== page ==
For instance, for those who lead cities, states, or countries, I will add these caveats:

  • Leaders should act with the voters in mind, and not be beholden to oligarchs and corporations.
  • Leaders must refrain from approving, pushing, or creating rules and laws that actively seek to harm a specific demographic or otherwise codify discrimination against those demographics.
  • Leaders must refrain from making decisions that are capricious and unnecessarily cruel. This includes refraining from wars of aggression.
  • Leaders must be lifelong learners and be receptive to the opinions and suggestions of experts, researchers, and everyday citizens.
  • Leaders must fight against corruption and be held accountable.

If someone is a governor, they bear responsibility for the well-being of residents in the state. A president bears some responsibility for the well-being of others in his country — and to an extent, the wellbeing of people in other countries since that president’s foreign policy might negatively impact those people, too. Depending on what a president does, I may grade him harshly.

Why Do People Have a Problem with These Views?

Honestly, I don’t know. I’m not a mind reader, but some of the people I shared messages with felt that my standards were too high. They’re incredibly wrong and they offered no standards of their own.

While I understand that leaders can’t be perfect, I feel that they should still adhere to decent standards for those three aspects of leadership I first mentioned, no matter what their job is. When someone has a seat in government or serves in law enforcement, their responsibilities are greater. Since they are responsible for so much territory and so many lives, they should be held to much higher standards (than regular people).

To use the Flint example again, we should judge someone like Michigan Gov. Rick Snyder harshly. The move to switch Flint residents’ water source was driven by corruption because he was receiving campaign funds from the companies who had vested interests in his decision. He made the situation worse every step of the way and the move was also driven by racism since Flint is predominately black. Snyder should be in prison.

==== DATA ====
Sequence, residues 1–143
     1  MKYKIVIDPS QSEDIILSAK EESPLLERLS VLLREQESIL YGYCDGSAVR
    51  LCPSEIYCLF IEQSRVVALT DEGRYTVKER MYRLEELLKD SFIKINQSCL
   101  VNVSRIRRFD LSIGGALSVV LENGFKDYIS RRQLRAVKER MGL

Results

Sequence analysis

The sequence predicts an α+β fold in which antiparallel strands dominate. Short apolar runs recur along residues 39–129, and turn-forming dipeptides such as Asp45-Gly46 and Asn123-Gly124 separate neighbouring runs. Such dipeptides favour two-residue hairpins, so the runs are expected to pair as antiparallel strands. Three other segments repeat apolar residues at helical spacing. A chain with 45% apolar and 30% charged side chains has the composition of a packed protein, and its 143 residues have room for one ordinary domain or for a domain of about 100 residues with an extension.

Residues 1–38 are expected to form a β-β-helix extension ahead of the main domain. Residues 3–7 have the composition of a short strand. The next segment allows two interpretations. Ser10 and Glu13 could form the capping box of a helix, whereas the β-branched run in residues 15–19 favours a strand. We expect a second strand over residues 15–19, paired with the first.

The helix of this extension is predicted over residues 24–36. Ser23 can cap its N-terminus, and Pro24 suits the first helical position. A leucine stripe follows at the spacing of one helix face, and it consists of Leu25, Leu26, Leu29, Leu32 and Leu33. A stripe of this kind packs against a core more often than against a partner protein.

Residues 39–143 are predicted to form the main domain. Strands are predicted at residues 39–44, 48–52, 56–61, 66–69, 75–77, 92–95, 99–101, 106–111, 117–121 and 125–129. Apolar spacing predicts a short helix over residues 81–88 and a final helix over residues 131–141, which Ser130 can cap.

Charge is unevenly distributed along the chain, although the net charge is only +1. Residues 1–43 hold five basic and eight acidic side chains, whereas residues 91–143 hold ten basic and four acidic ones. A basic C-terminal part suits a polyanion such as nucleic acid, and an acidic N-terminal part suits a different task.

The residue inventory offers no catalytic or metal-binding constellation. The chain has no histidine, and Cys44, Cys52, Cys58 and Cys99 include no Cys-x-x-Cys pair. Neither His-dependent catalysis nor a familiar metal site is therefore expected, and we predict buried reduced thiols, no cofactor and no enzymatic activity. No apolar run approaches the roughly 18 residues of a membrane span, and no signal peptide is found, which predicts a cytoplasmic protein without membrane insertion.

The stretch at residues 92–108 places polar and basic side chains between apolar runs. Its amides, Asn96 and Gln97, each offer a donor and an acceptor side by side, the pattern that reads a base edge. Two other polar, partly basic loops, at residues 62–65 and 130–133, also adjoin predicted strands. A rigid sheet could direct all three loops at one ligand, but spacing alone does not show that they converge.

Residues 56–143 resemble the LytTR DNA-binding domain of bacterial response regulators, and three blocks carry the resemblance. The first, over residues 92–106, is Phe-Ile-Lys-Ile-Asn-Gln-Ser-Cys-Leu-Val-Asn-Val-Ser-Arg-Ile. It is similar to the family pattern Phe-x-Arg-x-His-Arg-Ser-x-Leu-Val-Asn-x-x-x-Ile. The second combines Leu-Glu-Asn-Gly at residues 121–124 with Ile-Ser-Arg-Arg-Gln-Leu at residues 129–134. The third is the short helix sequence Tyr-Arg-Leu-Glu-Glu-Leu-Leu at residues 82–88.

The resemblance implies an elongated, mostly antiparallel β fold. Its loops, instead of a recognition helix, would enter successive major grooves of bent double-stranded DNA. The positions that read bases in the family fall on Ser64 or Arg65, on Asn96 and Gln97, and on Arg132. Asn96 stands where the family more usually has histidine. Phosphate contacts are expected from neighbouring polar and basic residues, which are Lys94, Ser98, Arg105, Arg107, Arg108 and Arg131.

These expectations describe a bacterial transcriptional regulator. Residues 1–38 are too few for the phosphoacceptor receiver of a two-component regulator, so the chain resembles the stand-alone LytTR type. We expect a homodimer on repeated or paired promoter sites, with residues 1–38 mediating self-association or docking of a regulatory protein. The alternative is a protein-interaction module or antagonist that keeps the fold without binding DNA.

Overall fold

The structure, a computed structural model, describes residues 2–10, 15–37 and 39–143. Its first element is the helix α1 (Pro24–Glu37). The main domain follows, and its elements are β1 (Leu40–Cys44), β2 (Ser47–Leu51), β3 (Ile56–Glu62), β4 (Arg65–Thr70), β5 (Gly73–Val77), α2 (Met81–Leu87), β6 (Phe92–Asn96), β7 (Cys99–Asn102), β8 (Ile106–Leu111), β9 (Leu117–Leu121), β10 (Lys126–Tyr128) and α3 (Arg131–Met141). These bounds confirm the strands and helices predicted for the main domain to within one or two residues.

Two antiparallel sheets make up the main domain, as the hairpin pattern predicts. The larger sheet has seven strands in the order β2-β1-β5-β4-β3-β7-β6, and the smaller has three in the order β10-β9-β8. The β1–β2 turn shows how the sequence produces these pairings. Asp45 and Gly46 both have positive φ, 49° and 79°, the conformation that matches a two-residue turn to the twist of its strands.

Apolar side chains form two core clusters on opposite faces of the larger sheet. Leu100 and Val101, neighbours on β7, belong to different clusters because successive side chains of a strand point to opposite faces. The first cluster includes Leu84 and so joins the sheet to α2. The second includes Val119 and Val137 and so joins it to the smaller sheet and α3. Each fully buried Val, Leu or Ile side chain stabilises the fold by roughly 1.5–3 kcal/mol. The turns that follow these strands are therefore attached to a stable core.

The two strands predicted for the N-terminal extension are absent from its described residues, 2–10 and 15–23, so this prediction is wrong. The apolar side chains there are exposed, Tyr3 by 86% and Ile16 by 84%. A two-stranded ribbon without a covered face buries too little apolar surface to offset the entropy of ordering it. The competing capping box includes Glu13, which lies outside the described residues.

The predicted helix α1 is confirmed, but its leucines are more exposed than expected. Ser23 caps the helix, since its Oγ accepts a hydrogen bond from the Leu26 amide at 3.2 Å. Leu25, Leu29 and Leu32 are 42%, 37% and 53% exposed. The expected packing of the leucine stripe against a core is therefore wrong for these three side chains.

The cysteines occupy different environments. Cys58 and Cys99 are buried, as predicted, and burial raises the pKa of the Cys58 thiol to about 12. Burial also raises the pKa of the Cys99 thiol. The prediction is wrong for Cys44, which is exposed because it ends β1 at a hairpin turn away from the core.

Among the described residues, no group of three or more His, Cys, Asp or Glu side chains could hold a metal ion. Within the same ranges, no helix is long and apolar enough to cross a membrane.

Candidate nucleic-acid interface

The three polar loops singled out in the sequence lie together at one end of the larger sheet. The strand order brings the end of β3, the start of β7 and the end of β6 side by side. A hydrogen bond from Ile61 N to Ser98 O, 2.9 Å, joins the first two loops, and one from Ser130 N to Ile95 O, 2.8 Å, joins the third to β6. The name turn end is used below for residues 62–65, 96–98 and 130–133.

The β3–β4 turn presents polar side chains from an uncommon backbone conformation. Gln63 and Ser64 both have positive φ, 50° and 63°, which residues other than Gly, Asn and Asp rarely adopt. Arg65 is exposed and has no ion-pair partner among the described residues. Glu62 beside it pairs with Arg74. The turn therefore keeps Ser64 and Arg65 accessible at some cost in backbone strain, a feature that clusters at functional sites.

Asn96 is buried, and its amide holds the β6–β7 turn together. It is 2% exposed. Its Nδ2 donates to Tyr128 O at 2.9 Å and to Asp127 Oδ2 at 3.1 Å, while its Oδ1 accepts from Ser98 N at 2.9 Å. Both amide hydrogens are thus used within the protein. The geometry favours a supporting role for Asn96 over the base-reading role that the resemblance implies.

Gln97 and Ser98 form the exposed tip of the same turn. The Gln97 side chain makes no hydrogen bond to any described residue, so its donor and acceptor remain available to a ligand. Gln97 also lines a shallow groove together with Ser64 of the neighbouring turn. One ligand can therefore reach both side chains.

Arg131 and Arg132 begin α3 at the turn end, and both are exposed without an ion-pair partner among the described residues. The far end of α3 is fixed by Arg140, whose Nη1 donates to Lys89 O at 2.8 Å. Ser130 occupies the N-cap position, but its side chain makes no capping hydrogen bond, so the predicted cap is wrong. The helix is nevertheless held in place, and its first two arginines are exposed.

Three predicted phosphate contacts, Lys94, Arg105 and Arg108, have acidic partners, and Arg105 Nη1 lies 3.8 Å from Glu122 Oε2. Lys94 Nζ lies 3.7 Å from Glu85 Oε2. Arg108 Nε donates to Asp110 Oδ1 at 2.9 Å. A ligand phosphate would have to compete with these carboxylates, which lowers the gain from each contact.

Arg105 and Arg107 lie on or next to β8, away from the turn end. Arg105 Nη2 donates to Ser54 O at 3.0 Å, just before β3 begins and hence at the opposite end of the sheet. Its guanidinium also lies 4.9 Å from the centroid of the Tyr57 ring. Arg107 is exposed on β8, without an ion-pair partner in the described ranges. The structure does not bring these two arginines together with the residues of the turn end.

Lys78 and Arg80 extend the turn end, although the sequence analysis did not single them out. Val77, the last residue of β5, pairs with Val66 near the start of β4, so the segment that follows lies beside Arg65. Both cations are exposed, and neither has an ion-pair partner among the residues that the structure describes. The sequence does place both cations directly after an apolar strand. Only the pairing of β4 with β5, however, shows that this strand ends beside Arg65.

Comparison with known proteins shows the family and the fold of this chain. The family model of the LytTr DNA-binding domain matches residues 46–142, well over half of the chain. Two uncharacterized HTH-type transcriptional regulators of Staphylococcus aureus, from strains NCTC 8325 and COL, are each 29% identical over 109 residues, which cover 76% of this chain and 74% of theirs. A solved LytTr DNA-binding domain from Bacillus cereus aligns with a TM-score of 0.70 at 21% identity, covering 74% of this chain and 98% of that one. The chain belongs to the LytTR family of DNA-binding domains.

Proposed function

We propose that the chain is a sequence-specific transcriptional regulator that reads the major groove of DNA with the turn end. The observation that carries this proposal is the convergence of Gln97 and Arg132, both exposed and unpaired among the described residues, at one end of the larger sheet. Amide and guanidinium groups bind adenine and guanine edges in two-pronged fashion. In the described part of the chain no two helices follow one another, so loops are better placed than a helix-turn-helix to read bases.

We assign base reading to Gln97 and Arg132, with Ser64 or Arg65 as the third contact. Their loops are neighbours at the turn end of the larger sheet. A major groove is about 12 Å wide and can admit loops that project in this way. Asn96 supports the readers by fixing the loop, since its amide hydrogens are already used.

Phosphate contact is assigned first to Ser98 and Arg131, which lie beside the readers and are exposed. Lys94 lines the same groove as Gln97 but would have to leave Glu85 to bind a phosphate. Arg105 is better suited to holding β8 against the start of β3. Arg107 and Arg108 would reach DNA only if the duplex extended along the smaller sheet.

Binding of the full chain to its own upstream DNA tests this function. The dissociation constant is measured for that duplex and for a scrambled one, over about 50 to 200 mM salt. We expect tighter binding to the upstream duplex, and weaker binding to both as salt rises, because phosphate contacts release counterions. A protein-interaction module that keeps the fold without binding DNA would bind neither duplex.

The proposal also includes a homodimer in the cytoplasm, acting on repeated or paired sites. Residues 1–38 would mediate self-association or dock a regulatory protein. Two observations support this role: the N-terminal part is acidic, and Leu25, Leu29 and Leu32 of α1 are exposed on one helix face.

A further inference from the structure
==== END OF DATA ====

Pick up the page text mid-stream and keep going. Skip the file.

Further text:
The thing that I’ve noticed, though, is that we judge regular people and civilians more harshly than we judge police officers and politicians. The latter has affected more lives and often, not for the better. That is incredibly backward.


Shouldn’t We Hold Leaders Accountable?

We should hold our leaders accountable for all the reasons I mentioned. Their jobs are too important for them to be given a pass. When they do inexcusable things, they should be removed and if they break laws, they should be prosecuted like any regular person would. They’re supposed to set an example, and a fair treatment will should everyone that no one is above the law.

That said, I would like to know where other people stand on this issue.

  • Do they excuse corruption?
  • Do they excuse laws that are openly discriminatory?
  • Do they excuse wars of aggression?
  • Do they excuse politicians who are openly hostile to certain voting blocs, including their own base?

From what I have seen, the people who vehemently disagree with me check off all those boxes, and they disgust me. They say my standards a too high, but theirs or low, or they have none. In most cases, they will make excuses based on who’s being talked about and which party they belong to.

Even worse, some of the people I’ve talked to think a certain political party is entitled to people’s votes by virtue of not being some other party. At the same time, people of their ilk call those who want change and reform entitled. Do you not see the irony in that?


Yeah, my standards for leaders are strict, but that’s because their jobs are so important. When they fail to do their job, they need to go. And if someone thinks that too harsh, frankly, they’re full of it.

Have any thoughts on the subject? Time’s yours.